It took another two months of fighting, but allied troops led by the 10th crossed the Po River on April 25. On May 2, the German Army in Italy surrendered at Lake Garda — five days before the unconditional German surrender. A total of 19,780 men served in the 10th Mountain Division in Italy, with 960 killed, 3,871 wounded and 20 taken prisoner, according to the National Association for the 10th Mountain Division.
Dennis Hagen, archivist for Denver Public Library’s 10th Mountain Division Resource Center, said he visited the Apennine region in 2009 with surviving veterans of the Italian campaign and was blown away by the goodwill they encountered. In one town, despite a pouring rain, everyone came out to line the streets for a parade, Hagen said.
“Every little town we went into, you couldn’t believe the reception,” he said. “They wouldn’t have their country if it wasn’t for the 10th Mountain. ... They consider these guys to be liberators, 55, 60 years later.”
For the next step in the sister cities process, a group of Aspen Valley Ski and Snowboard Club members will head to Abetone in March, to compete in the town’s traditional Pinocchio Cup, which is a ski contest for the area’s youth.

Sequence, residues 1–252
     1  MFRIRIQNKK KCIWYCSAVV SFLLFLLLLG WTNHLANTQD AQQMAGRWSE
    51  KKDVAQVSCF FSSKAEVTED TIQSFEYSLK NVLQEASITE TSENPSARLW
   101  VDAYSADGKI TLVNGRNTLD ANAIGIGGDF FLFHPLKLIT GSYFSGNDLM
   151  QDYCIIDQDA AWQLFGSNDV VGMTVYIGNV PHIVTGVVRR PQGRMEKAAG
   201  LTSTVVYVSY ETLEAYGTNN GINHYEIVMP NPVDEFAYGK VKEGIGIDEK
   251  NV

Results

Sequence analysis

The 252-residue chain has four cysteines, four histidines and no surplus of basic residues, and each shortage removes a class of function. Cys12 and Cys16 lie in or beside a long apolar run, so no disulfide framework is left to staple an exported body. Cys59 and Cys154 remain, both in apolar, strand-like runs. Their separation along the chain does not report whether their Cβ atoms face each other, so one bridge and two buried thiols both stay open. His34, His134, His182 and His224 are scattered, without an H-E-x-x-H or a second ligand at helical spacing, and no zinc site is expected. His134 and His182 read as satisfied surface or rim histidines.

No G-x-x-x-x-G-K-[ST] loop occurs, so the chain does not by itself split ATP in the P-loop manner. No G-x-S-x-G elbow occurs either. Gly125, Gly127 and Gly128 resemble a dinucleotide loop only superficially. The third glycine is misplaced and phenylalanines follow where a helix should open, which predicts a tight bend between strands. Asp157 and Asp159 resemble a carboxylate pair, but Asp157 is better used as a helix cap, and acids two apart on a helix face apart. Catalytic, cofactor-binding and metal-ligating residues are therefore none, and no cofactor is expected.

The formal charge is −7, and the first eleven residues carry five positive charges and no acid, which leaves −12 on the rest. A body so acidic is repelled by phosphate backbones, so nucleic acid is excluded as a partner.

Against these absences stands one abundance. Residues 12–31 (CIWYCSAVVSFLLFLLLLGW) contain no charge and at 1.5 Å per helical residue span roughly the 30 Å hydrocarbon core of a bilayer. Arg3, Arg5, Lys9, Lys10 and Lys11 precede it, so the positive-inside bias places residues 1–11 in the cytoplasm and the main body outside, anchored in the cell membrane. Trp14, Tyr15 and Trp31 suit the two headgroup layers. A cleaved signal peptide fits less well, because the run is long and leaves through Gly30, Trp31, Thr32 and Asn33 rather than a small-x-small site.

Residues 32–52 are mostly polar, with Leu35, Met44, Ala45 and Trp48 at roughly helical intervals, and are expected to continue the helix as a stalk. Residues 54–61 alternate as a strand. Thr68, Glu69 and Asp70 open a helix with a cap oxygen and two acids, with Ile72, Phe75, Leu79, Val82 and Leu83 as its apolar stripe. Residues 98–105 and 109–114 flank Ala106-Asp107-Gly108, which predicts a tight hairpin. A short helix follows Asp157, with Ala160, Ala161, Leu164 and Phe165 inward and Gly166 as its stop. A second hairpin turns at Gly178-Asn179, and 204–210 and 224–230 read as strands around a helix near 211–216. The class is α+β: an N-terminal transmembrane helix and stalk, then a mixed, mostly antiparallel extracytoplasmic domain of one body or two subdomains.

A delegation of local leaders from Aspen also will visit in the spring, said Aspen Sister Cities board president Don Sheeley. Then, in the fall, there will be 10-day exchanges of about six kids from each town. If all goes well, Abetone and Aspen could be signing sister cities documents sometime in 2014.
Rolando Galli, the head of the Abetone ski company, told council in November that his home is a small town “very different from Aspen,” but that it shares “more or less the same interests” — tourism and protecting its natural resources.
Danti, the mayor, pointed out that Abetone sent its best skier, Zeno Colo, to the Aspen F.I.S. World Championships in 1950, and Colo took home the gold medal in the downhill and giant slalom. The event was the first F.I.S. Championships held on American soil and put Aspen on the map as an international ski destination.
Another benefit could be exchanges of ski instructors, patrollers, or tourism officials, Danti said, stressing “mutual cooperation.”
Aspen City Council members also noted that both towns are named after trees, since Abetone means “large fir” in Italian.